A FORMER DMK legislator, M Surulivel, becomes emotional on seeing the cell in the Chennai Central Prison (CCP) where he spent a year during the Emergency. It was here that several DMK leaders, including party chief M Karunanidhi’s son MK Stalin and others were beaten up mercilessly on the night of February 2, 1976. “We never thought we would get out alive,” recalls Surulivel. Soon after Prime Minister Indira Gandhi dismissed the DMK Government on January 31, 1976, nearly 500 DMK men were arrested under the Maintenance of Internal Security Act and lodged in jails throughout the state. Surilivel is among the estimated 4-lakh people who have visited the CCP since it was thrown open to the public last month.
The 170-year-old British-built prison is set for demolition following a decision by the state government to hand over the 14- acre site for the Metro Railway Project and expansion of the Government General Hospital. The prison had ceased to function two years ago after a modern prison complex became operational in Puzhal in suburban Chennai. With its demolition, only a question of time now, prison authorities decided to allow the public to visit the historic jail, whose front gate has been a familiar sight to Tamil film buffs.
The public response has been beyond expectations. Overnight, the jail became a tourist spot for the poor and middle classes. “People are curious to see the jail where over 500 freedom fighters stayed in different periods of time. For many, it is an opportunity to see what a prison looks like,” says R Nataraj, Director General of Police, Prisons. Built in 1837, the CCP first functioned as a transit prison, housing prisoners being taken to the Andaman jail. It became a full-fledged prison in 1855.
Since then it has been part of Chennai’s history. More recently, it even played a part in the vendetta between Jayalalithaa and Karunanidhi. In 1996, the Karunanidhi regime arrested Jayalalithaa on various charges and lodged her in one of the cells for about 27 days. The AIADMK recalled her jail experience during the last assembly elections in these words: “She (Jayalalithaa) was lodged in a cell in the CCP, close to the stinking Cooum river, with bandicoots, lizards and cockroaches freely running about.” What the party failed to mention was that Jayalalithaa settled scores with her bete noire. After Jayalalithaa returned to power, Karunanidhi was arrested in 2001 on charges of corruption in construction of flyovers and thrown in the same cell where she was kept earlier.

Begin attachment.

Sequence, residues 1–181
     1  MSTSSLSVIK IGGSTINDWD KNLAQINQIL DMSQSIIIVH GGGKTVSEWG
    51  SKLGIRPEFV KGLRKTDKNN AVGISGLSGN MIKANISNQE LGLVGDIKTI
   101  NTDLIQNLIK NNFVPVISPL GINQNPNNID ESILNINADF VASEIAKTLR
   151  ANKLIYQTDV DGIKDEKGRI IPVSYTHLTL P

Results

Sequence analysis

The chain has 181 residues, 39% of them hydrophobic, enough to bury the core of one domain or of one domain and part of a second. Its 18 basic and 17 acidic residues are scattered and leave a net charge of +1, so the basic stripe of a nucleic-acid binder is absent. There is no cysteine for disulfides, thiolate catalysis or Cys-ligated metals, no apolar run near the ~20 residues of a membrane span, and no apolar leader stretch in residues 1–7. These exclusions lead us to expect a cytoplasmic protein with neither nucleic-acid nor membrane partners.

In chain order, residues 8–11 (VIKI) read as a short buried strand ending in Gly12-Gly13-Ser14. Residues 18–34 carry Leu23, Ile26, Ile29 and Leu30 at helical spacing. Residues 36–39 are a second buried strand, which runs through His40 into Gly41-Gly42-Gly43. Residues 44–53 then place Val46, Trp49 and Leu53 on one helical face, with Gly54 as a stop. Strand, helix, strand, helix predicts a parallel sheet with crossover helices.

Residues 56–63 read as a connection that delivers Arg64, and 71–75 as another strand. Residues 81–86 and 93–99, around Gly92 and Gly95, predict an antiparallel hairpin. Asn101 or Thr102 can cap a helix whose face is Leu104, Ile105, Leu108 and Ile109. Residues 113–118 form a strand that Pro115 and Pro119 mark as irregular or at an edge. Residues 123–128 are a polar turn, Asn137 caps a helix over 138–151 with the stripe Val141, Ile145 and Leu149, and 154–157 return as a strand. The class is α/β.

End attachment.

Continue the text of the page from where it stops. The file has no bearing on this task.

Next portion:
For Tamil journalist Nakkheeran Gopal, the prison holds dark memories. In 2003, Gopal was arrested on several fake charges and booked under the Prevention of Terrorism Act. He was charged with possessing an unlicensed revolver and some pamphlets supporting a banned Tamil group. He spent a major part of his nine-month detention in one of the cells in CCP. Visiting the cell after five years, he still recalls the horrific moments in prison. “Once a snake entered my cell. Since we spotted it in the nick of time, my life was saved. I killed it with the help of some other prisoners,” says Gopal. Bandicoots, each the size of a cat, had a free run of the cell.
Meanwhile, heritage lovers are sad at the prospect of losing the CCP. Historian and heritage conservationist S Muthiah lamented that heritage structures are being pulled down one by one in the city. “There is no law to protect heritage buildings,” he said. He felt there was little chance of saving the historic Chennai prison from the bulldozers.